Keywords: monte-carlo |  integration |  uniform distribution |  law of large numbers |  lotus |  central limit theorem |  normal distribution |  Download Notebook

Contents

%matplotlib inline
import numpy as np
import matplotlib.pyplot as plt
import seaborn as sns

The basic idea

Let us formalize the basic idea behind Monte Carlo Integration in 1-D.

Consider the definite integral:

Consider:

If $V$ is the support of the uniform distribution on a to b then the pdf

Then from LOTUS and the law of large numbers:

or

Practically speaking, our estimate will only be as exact as the number of samples we draw, but more on this soon..

Example.

Calculate the integral $ I= \int_{2}^{3} [x^2 + 4 \, x \,\sin(x)] \, dx. $

We know from calculus that the anti-derivative is

To solve this using MC, we simply draw $N$ random numbers from 2 to 3 and then take the average of all the values $f(x)=x^2 + 4 \, x \,\sin(x)$ and normalized over the volume; this case the volume is 1 (3-2=1).

def f(x):
    return x**2 + 4*x*np.sin(x) 

def intf(x): 
    return x**3/3.0+4.0*np.sin(x) - 4.0*x*np.cos(x) 
a = 2;    
b = 3; 

# use N draws 
N= 10000

X = np.random.uniform(low=a, high=b, size=N) # N values uniformly drawn from a to b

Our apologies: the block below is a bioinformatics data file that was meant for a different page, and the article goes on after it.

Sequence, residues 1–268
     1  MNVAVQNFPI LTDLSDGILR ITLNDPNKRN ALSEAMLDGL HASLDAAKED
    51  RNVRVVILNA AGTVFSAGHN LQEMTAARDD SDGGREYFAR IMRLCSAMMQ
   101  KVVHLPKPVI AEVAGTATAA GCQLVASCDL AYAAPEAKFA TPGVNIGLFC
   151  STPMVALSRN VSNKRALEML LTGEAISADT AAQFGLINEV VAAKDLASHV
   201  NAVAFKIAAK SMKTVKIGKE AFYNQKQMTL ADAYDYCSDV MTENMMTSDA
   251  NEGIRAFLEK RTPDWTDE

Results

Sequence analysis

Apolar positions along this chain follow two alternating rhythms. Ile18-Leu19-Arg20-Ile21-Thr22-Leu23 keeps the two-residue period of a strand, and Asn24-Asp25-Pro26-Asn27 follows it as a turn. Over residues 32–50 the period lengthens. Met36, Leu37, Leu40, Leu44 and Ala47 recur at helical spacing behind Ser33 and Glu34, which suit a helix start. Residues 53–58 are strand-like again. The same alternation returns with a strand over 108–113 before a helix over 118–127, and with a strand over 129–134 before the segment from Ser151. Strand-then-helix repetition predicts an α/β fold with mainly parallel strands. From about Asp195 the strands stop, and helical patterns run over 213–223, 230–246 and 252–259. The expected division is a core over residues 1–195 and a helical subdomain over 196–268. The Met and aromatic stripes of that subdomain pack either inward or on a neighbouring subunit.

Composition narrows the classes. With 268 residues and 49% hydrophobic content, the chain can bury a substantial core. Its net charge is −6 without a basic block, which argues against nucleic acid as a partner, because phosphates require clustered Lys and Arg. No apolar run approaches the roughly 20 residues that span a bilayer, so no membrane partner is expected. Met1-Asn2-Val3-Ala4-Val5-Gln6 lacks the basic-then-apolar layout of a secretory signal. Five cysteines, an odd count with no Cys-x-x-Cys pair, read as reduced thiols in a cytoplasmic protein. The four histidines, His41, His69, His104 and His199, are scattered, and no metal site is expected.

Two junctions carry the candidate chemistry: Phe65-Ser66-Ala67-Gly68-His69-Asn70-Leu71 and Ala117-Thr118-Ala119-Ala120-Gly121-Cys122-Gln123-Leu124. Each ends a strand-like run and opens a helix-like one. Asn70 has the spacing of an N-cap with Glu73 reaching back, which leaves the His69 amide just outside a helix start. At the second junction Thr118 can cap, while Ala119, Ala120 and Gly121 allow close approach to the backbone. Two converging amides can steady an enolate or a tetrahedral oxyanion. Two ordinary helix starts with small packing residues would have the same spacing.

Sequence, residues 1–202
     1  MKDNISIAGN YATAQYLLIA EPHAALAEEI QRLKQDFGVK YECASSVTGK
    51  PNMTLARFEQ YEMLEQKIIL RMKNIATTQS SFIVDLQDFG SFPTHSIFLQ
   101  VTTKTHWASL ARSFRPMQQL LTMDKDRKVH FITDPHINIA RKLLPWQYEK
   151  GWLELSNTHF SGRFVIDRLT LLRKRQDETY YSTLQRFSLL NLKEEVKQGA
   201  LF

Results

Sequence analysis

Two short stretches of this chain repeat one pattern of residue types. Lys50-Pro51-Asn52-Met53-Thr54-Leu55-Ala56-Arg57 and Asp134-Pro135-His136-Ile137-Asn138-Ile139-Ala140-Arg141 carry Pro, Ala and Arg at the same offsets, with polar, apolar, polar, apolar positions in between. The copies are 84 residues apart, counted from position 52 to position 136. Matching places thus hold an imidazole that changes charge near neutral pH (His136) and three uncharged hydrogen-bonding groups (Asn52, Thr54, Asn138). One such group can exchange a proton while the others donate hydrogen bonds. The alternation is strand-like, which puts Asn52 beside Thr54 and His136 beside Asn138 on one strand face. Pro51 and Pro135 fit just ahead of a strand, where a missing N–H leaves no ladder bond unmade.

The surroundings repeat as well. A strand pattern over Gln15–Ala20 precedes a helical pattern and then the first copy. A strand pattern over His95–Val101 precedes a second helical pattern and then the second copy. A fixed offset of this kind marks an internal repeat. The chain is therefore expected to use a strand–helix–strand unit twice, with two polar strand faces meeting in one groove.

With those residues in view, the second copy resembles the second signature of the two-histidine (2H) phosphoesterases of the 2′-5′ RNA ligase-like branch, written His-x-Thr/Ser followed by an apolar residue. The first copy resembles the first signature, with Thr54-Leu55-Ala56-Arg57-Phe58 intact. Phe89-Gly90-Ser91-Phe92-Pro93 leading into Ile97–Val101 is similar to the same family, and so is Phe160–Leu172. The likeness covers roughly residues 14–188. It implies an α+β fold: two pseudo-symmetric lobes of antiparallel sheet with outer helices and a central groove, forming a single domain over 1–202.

Y =f(X)   # CALCULATE THE f(x) 
V = b-a
Imc= V * np.sum(Y)/ N;

exactval=intf(b)-intf(a)

print("Monte Carlo estimation=",Imc, "Exact number=", intf(b)-intf(a))

Monte Carlo estimation= 11.8120823531 Exact number= 11.8113589251

Mutlidimensional integral.

That is nice but how about a multidimensional case?

Let us calculate the two dimensional integral $I=\int \int f(x, y) dx dy$ where $f(x,y) = x^2 +y^2$ over the region defined by the condition $x^2 +y^2 ≤ 1$

In other words we are talking about a uniform distribution on the unit circle

fmd = lambda x,y: x*x + y*y
# use N draws 
N= 8000
X= np.random.uniform(low=-1, high=1, size=N) 
Y= np.random.uniform(low=-1, high=1, size=N) 
Z=fmd(X, Y)   # CALCULATE THE f(x) 

R = X**2 + Y**2
V = np.pi*1.0*1.0
N = np.sum(R<1)
sumsamples = np.sum(Z[R<1])

print("I=",V*sumsamples/N, "actual", np.pi/2.0) #actual value (change to polar to calculate)
I= 1.56308724855 actual 1.5707963267948966

Monte-Carlo as a function of number of samples

How does the accuracy depends on the number of points(samples)? Lets try the same 1-D integral $ I= \int_{2}^{3} [x^2 + 4 \, x \,\sin(x)] \, dx $ as a function of the number of points.

Imc=np.zeros(1000)
Na = np.linspace(0,1000,1000)

exactval= intf(b)-intf(a)

for N in np.arange(0,1000):
    X = np.random.uniform(low=a, high=b, size=N) # N values uniformly drawn from a to b 
    Y =f(X)   # CALCULATE THE f(x) 

    Imc[N]= (b-a) * np.sum(Y)/ N;
    
    
plt.plot(Na[10:],np.sqrt((Imc[10:]-exactval)**2), alpha=0.7)
plt.plot(Na[10:], 1/np.sqrt(Na[10:]), 'r')
plt.xlabel("N")
plt.ylabel("sqrt((Imc-ExactValue)$^2$)")

# 

<matplotlib.text.Text at 0x1140aa780>

png

Obviously this depends on the number of $N$ as $1/\sqrt{N}$.

Errors in MC

Monte Carlo methods yield approximate answers whose accuracy depends on the number of draws. So far, we have used our knowledge of the exact value to determine that the error in the Monte Carlo method approaches zero as approximately $1/\sqrt{N}$ for large $N$, where $N$ is the number of trials.